Saturday, March 29, 2008


Time for Real Derby Horses to Step Up


HALLENDALE BEACH, Fla., Mar. 28, 2008---

It’s been an interesting week.

Todd Pletcher said he doesn’t bother evaluating a three-year-old class until they run against older horses in the fall. When asked how good Face The Cat, his entrant in today’s Florida Derby, is, and what he expects to see from the colt this afternoon, his answer was “I don’t know.”

That speaks volumes.

Rick Dutrow, the trainer of Big Brown, the early line favorite for today’s million-dollar Grade 1 prep, just wants “to stay out of his way.”

Two weeks ago, the 2007 juvenile champion put in an effort at Tampa Bay Downs that still mystifies his trainer, Nick Zito. All Zito knows now is that next time, win or lose, War Pass will be on the lead.

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Bill Mott has three live sophomores but it wasn’t until about 10 days ago when he finally decided where they would have their final preps. And if Majestic Warrior had drawn the 11 or 12 post, instead of the 10 for today‘s race, he said his horse could run someplace else.

David Carroll, trainer of the promising, lightly raced Denis Of Cork, decided to skip the Rebel, point for the Wood Memorial, then called an audible on himself and will go to the Illinois Derby instead. And so it goes.

It’s been an interesting year, too.

But that’s what can happen when developing three-year-olds either don’t or are not asked to step up. Make no mistake. They have been winning, many stringing a couple of victories together, but they don’t run fast enough to please the speed boys. That includes myself but I’m a little more forgiving, a bit more patient.

“I might have to go back 15 years to Sea Hero [to find a group this slow],” said HorseRaceInsider handicapper in residence, Cary Fotias. “Maybe it’s a function of how [trainers] race their horses these days, wanting them fresh, getting them to peak on that day.”

The fastest Equiform figures of this Derby class going two turns were delivered by two horses--when they were two-year-olds.

But what are we to make of the extremely fast figure earned by the Juvenile winner over a speedy, sloppy Monmouth Park strip? And did runnerup Pyro earn an exceedingly high figure because he finished behind War Pass? Are both sets of numbers aberrations?

There is evidence suggesting that they were. War Pass can be forgiven for not running fast in his meaningless season’s debut over a handful of outclassed rivals. And while Pyro’s Risen Star was visually electrifying, and his Louisiana Derby dominatingly professional, he failed to get back to the level of his two-year-old top.

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The Equiform par for a strongly run Kentucky Derby is 82. “By this time of year,” Fotias explained, “Derby horses should be running in the 76, 77 range. The best efforts so far have been around 75. Big Brown earned a 76¾ [winning the mile allowance race]. If he wins the Florida Derby by 3 or 4 lengths, and Pyro bombs at Keeneland, Big Brown could wind up the Kentucky Derby favorite.”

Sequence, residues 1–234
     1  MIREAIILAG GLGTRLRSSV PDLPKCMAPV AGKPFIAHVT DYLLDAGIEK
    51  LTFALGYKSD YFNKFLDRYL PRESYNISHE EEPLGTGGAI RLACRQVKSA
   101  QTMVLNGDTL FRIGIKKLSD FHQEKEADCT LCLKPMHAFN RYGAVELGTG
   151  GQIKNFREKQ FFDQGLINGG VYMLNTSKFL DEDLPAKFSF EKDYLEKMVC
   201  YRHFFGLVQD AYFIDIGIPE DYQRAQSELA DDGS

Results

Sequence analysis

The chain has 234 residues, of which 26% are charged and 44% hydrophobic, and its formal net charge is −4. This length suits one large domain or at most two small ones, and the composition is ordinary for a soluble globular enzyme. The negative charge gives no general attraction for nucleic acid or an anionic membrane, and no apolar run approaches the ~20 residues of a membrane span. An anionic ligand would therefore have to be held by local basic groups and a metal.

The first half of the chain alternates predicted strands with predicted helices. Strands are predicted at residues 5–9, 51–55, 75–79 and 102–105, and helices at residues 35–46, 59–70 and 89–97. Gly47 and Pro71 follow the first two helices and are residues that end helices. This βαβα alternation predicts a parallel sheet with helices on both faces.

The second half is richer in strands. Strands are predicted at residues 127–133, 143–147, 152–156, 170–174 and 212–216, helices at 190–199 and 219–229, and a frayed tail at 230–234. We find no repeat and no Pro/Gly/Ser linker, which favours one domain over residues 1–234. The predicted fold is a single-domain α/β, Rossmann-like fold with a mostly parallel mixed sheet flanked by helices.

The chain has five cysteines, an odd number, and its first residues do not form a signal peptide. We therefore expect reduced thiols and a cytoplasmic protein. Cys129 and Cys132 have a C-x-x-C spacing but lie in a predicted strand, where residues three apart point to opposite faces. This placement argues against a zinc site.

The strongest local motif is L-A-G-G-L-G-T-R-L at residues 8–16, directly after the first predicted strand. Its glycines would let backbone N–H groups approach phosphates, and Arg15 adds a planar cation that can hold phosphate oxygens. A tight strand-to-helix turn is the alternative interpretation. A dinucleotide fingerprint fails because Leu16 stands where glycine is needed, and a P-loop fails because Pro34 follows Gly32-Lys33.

In speaking with Pletcher Thursday morning, he conceded that trying to evaluate California three-year-old form is “very tough” because since the polymer bonding was added, the racing there has more resembled Keeneland. Fotias used the Del Mar analogy, different pockets from the same pants.

In any case, recent racing at Santa Anita has more closely resembled turf races, where finishing ability off a moderate pace is paramount. The ability to close strongly on dirt is equally important but dirt pace develops much faster and that clearly can compromise late-running power. That’s a problem, especially in a 20-horse field.

Empirically, the unknown ability of synthetic specialists to transfer their best form to dirt could be exaggerated. Last year, Street Sense won the Derby after having prepped on Polytrack, as everyone knows. Hard Spun always ran well and synthetic surfaces never compromised his efforts. Last fall, everything coming from Presque Isle Downs won virtually everywhere at every level. Factor in faster recuperative time from synthetic-surface racing and concerns could be much ado about nothing.

But the Kentucky Derby is unique, the profile of its winners almost singular, even before 20-horse fields became the standard. And, unlike your run-of-the-mill horse race, by singular we mean a little of everything. It’s a breeder’s race, a trainer’s race and a rider’s race, one in which the element of luck plays no small role.

In the main, no matter where horses are in their various stages of development, the time for further testing or making miscalculations is over. Things must go right beginning tomorrow at 5:45 p.m., ending virtually the week after next. After that, the Lexington is a last resort.

If prep accomplishments to date are a measure, Pyro clearly is the leader in the clubhouse. But what happens in the Florida, Arkansas and Illinois Derbies, and in the Wood, Blue Grass and Holy Bull, is particularly significant this year.

Will a Sea Hero prove the best of an underachieving class on that day, or will someone step forward in the next three weeks? Whatever this group lacks in speed, it still has potential to become an excellent group of three-year-olds. But sometimes potential can be the cruelest word in sports.


Written by John Pricci


Accompanying Photo Gallery to "Racing to the Kentucky Derby".
Comments (1)

BallHype: hype it up!
 
 

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